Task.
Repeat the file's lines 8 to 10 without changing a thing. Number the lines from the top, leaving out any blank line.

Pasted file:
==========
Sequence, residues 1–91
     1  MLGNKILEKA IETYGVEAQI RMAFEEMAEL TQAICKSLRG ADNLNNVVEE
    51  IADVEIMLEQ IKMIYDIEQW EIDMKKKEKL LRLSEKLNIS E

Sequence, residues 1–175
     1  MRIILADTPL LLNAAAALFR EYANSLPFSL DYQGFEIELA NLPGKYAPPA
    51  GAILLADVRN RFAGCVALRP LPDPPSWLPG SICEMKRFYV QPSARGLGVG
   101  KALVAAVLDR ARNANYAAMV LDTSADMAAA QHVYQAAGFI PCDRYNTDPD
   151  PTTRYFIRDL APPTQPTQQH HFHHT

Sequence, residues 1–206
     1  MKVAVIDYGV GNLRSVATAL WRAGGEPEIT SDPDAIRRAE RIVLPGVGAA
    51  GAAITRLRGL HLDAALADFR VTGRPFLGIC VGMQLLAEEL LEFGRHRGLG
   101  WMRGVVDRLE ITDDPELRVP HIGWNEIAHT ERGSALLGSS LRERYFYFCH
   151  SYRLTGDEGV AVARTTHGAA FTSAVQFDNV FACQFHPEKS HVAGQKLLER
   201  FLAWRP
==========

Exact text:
   151  PTTRYFIRDL APPTQPTQQH HFHHT

Sequence, residues 1–206
     1  MKVAVIDYGV GNLRSVATAL WRAGGEPEIT SDPDAIRRAE RIVLPGVGAA